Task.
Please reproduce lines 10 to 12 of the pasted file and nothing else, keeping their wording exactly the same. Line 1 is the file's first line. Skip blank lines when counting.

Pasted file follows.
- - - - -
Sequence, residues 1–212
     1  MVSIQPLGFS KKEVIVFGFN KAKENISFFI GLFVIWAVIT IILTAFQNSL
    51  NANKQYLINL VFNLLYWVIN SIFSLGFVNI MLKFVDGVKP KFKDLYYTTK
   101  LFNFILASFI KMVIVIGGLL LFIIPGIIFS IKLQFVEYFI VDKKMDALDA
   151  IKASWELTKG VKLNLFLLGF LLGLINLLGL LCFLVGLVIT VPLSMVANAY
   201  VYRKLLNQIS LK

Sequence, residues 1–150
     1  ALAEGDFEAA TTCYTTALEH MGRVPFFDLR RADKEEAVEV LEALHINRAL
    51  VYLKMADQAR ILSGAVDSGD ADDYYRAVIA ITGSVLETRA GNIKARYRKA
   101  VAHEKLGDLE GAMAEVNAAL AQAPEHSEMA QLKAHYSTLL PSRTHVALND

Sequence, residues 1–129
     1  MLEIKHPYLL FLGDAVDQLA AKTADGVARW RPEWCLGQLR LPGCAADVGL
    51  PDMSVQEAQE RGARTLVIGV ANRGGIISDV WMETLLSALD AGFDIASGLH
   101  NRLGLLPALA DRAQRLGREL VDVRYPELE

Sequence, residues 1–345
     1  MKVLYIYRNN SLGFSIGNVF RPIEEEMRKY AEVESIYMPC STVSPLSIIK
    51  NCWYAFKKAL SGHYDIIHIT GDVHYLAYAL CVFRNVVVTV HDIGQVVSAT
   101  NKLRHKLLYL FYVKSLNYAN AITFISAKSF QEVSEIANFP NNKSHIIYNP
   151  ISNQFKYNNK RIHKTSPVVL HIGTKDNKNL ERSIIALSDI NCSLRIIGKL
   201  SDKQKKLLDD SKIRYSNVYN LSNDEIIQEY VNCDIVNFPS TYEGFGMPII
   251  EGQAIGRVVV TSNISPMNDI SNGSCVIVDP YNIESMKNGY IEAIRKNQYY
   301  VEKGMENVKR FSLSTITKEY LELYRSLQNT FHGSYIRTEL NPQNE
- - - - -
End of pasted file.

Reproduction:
   101  VAHEKLGDLE GAMAEVNAAL AQAPEHSEMA QLKAHYSTLL PSRTHVALND

Sequence, residues 1–129
     1  MLEIKHPYLL FLGDAVDQLA AKTADGVARW RPEWCLGQLR LPGCAADVGL